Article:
There are three options: May’s deal, no deal and no Brexit. There seems to be no majority for the first two and a reluctance to ignore the referendum result and dump Brexit. Both the major parties are split on this issue and there is a lack of leadership to deliver a solution and heal the divisions Brexit has created. Where do we go from here?
A ‘no deal’ Brexit is the default option that will happen unless Parliament votes to prevent this. There are probably no more than 125 MPs who actively support a ‘no deal’ outcome. Theresa May’s deal doesn’t have majority support either. The Irish border issue is one reason for this. Nobody wants a hard border including the EU but they insist on a backstop arrangement if no solution can be found to prevent a hard border. The DUP MPs won’t accept that and their votes are keeping the Government in office.
The 2016 referendum result is the biggest obstacle to any solution. Parliament voted to give the electorate the choice and a modest majority voted to reverse the decision of the 1975 referendum and to leave the EU. Some would say that the referendum was a mistake, made by David Cameron to neutralise the hard right in his party. They had agitated against EU membership when Heath took us in and compelled John Major to stand down and seek re-election as party leader when he was the Prime Minister.
The constitutional question is whether MPs are delegates, who do what the people tell them, or representatives, who use their judgement to do what is in the natural interest for the good of the people. Most MPs see themselves in the latter role but Mrs May has adopted the former in this instance.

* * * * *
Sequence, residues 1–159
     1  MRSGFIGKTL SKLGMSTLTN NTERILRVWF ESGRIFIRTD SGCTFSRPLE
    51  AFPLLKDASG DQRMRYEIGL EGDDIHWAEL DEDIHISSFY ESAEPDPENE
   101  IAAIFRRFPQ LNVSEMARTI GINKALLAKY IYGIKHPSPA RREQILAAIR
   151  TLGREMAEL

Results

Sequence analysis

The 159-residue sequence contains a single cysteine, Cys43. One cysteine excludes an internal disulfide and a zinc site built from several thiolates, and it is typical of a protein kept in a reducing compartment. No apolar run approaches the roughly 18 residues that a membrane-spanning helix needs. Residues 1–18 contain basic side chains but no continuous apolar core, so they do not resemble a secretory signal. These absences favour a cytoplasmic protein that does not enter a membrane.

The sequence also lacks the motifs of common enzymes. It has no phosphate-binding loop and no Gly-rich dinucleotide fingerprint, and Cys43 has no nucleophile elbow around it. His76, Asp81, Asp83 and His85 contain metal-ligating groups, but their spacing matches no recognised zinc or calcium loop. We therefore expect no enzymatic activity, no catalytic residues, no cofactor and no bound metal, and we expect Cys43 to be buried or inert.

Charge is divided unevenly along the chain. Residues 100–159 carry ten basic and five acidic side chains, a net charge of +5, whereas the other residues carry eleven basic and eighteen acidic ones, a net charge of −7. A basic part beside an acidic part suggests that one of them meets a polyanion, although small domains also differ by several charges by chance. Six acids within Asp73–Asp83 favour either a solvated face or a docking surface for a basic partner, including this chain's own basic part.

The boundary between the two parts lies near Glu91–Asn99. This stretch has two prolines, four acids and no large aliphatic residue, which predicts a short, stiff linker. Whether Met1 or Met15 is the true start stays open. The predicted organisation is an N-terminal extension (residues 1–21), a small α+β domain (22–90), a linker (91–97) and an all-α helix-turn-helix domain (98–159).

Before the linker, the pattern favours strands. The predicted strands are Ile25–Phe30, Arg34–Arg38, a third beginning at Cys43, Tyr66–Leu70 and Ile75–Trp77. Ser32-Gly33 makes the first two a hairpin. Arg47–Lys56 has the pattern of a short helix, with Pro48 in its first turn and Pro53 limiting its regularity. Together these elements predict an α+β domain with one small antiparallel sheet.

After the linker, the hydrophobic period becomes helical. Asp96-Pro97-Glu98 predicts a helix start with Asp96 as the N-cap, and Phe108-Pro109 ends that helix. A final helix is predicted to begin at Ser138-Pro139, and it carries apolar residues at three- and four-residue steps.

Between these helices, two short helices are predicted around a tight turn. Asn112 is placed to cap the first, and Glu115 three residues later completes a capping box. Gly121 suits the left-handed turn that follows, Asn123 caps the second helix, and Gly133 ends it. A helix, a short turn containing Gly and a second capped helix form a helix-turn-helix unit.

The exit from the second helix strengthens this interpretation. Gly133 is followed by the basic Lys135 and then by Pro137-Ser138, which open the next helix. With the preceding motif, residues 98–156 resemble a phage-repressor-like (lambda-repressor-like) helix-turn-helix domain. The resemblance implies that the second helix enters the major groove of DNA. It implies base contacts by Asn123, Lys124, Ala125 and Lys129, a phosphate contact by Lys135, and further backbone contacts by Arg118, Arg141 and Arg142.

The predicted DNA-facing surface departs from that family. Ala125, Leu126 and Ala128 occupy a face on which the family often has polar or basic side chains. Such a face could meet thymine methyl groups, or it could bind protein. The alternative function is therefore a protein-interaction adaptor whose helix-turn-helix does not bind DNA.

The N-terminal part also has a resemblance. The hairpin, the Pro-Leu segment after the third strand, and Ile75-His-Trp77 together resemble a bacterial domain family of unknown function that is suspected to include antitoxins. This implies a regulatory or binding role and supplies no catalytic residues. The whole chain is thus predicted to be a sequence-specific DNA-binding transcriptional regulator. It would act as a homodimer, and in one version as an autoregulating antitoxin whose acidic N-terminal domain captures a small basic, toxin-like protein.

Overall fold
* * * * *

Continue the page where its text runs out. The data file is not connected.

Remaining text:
Talking to MPs it is apparent that most of them won’t support May’s deal. It compromises too much for the hard line Brexiteers whilst the centrists think it risks damaging the economy and causing jobs to be lost. If the latter are honest most of them don’t want to leave the EU but party discipline keeps them from voting for no Brexit at all. They advocate a second referendum as a possible way around that.
They remind us that a number of older voters, who probably voted for Brexit, have died, whilst a number of younger voters who have reached 18 since 2016, are more likely to be Remainers. Whatever the truth of this the committed Leavers would call for a third referendum because they wouldn’t support any result that stopped Brexit any more than Remainers who are not accepting the 2016 result as final.
The nation is more deeply divided by Brexit than on any issue in living memory. The issue has also divided the major parties. 117 right wing Conservatives went so far as to express no confidence in Theresa May’s leadership but failed to convince their colleagues. Jeremy Corbyn does not like the EU which he sees as a capitalist institution and hopes Brexit could be a step towards the election of a Labour Government that would introduce socialist policies challenging capitalism in Britain. His problem is that many of his younger supporters in the Momentum movement, that returned him to office after opposition from Labour MPs, are pro EU membership.
How can this stalemate be overcome? There are a significant number of MPs in both the major parties that reject both extremes. The only political way forward would be for them to break ranks with their parties to vote against May’s deal and the’ no deal ‘ options and to vote for the suspension of article 50 to give time for wider consultation and a popular vote on all the options. That may not be popular but with time running out it is the only responsible way of avoiding the divisive alternatives.
Christians have to recognise that we are as divided on these issues as everyone else. What we can do that most other people won’t is to sincerely pray that God’s will be done here in Britain as it is in heaven and to actively seek to be peace makers in our troubled nation.
Written by: Miriam Emenike
The Home Secretary, Priti Patel, has announced changes to immigration rules intended to prevent low-skilled workers from coming to live and work in the UK. These rules will come into force next January. The changes are obviously linked to Brexit. Announcing the changes Ms. Patel said, “We’re ending free movement, […]
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